Just for the heck of it

Speech class creativity

Speech class. Freshman year of college. Everyone is required to give a speech demonstrating something.

My friend Dan decides he’s going to demonstrate a classy first date kiss. 10 points for creativity.

Sometimes we’re the star of the show and sometimes we’re in a supporting role. Do you know which role you should be playing? And are you playing that role?

speech class

Soul thoughts

A tribute to stutterers

I’m fascinated with stuttering.

Stuttering – when people repeat, draw out, not complete, or skip words or sounds without meaning to. They say it happens when the brain is not able to send and receive messages in the normal way.

How beautiful.

How beautiful that the man or woman isn’t condemned to silence. How beautiful the strength of someone who knowingly stutters and pushes through anyway. They fight for connection, communication and understanding more than we will ever know.

How beautiful.

The next time you’re in the presence of someone stuttering, give them an unhurried safe space to communicate.

And maybe, just maybe, stuttering is part of our world to help us slow down and hear things we may otherwise miss in normal conversation.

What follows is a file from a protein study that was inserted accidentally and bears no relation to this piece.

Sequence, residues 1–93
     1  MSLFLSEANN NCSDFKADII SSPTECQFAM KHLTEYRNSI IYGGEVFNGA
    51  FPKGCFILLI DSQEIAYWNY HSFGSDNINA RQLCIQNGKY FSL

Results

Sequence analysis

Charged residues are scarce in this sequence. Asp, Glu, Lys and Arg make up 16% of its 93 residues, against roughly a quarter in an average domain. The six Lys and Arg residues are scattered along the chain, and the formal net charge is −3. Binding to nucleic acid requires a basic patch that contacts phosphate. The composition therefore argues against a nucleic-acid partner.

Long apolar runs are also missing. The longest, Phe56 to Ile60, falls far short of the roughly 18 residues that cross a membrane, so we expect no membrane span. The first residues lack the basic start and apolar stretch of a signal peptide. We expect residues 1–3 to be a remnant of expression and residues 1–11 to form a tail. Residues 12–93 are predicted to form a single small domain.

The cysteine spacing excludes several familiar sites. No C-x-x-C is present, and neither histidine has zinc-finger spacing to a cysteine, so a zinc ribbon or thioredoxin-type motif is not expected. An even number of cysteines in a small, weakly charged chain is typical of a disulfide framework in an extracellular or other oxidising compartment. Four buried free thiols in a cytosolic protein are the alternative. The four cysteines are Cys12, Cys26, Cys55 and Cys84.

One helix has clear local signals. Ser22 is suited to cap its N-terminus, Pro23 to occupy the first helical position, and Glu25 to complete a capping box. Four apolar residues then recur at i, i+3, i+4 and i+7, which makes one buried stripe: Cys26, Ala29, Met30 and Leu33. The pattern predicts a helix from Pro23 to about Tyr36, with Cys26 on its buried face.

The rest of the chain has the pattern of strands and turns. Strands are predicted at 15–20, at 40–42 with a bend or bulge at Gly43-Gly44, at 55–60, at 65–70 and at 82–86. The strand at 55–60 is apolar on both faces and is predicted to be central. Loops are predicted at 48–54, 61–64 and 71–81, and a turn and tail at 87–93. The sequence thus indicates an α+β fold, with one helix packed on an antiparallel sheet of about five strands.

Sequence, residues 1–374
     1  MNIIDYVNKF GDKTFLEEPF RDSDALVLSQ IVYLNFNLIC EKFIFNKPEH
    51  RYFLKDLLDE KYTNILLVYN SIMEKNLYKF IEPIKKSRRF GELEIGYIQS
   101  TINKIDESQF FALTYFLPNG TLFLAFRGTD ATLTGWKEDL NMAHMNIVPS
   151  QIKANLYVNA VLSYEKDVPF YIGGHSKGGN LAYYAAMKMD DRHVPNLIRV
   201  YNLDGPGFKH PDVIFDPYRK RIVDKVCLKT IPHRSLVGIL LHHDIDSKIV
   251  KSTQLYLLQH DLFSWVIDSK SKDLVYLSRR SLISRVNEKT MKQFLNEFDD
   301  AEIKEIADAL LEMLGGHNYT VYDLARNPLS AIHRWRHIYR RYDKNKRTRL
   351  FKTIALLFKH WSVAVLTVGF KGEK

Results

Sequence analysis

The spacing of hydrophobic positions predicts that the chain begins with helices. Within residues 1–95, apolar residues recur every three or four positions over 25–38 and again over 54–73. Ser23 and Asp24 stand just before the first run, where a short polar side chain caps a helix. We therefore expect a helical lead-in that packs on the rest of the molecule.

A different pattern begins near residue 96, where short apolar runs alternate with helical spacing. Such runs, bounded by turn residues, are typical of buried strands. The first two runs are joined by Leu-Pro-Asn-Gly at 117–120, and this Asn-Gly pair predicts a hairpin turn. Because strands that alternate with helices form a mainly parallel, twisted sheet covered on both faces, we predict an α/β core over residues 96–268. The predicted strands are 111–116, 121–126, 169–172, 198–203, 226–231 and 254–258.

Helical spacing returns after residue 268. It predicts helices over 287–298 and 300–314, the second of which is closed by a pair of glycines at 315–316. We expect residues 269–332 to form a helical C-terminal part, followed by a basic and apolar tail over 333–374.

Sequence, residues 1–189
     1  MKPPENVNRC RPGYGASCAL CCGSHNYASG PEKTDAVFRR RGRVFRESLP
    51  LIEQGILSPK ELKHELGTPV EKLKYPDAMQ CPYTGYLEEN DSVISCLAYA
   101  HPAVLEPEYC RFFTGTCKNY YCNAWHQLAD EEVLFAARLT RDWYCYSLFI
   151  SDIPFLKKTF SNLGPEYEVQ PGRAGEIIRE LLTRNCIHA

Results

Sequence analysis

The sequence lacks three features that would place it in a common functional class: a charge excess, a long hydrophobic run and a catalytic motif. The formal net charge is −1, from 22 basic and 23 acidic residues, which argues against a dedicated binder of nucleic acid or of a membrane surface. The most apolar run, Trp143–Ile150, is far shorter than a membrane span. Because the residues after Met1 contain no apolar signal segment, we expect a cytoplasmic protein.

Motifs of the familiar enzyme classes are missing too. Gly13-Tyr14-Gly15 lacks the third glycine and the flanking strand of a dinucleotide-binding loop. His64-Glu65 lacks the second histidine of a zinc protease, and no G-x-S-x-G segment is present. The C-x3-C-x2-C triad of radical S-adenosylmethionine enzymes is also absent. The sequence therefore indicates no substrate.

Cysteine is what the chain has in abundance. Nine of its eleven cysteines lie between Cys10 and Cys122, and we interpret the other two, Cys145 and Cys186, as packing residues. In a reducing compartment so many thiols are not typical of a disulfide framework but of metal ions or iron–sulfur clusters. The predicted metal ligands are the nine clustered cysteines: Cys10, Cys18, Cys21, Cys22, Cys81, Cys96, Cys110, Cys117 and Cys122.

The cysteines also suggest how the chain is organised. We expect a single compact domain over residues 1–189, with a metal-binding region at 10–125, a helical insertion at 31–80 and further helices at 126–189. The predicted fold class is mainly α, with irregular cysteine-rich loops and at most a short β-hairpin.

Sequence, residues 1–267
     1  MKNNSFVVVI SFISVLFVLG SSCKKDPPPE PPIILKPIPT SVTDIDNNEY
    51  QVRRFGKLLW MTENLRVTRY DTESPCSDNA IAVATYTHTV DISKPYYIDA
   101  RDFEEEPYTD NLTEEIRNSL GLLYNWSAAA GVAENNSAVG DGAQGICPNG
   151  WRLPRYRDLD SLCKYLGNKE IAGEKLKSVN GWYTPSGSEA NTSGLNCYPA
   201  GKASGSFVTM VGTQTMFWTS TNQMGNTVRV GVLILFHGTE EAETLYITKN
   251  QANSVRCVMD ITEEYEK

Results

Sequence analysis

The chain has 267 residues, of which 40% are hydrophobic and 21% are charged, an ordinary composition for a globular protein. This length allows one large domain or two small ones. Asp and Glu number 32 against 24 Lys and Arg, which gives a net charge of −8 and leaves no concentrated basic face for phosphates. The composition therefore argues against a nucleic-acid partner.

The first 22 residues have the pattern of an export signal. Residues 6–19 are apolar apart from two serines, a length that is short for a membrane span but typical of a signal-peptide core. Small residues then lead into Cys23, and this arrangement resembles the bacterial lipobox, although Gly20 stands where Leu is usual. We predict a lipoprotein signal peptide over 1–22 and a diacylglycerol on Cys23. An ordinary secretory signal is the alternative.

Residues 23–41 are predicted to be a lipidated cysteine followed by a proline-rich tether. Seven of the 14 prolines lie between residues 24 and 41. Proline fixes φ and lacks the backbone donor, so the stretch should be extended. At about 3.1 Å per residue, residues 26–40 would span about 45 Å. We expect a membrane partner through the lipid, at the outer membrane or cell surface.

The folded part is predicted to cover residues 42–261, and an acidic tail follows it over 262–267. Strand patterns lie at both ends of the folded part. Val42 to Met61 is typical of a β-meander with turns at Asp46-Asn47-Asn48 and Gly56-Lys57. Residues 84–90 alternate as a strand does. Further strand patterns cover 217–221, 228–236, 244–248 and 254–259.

Character · Just for the heck of it

Meeting rule #1 – Articulation and Clarity

I’ve been in hundreds of meetings with hundreds of people, hearing hundreds of concepts, using thousands of words. We’ve allowed our culture to fail at oration, particularly drowning on articulation and clarity.

Hours are wasted because we ramble on and on, circling around the exact point we’re trying to make. Finally we arrive at it, state it, and are so excited we’ve articulated it (at last) that we repeat it 5 different ways.

You’ve got great ideas and they need to be shared, but how much traction could we gain by being the person people looked forward to hearing rather than wishing they could silence?

Become a favored speaker in a group meeting:

1. Formulate a one-sentence point and state it immediately so people aren’t wondering why we opened our mouth.

2. Give another sentence or two with reasons to support your initial statement.

3. Repeat your initial focused statement.

If people need more explanation, they’ll ask. If not, they will be thrilled for your concise knowledge! Best wishes in this new endeavor!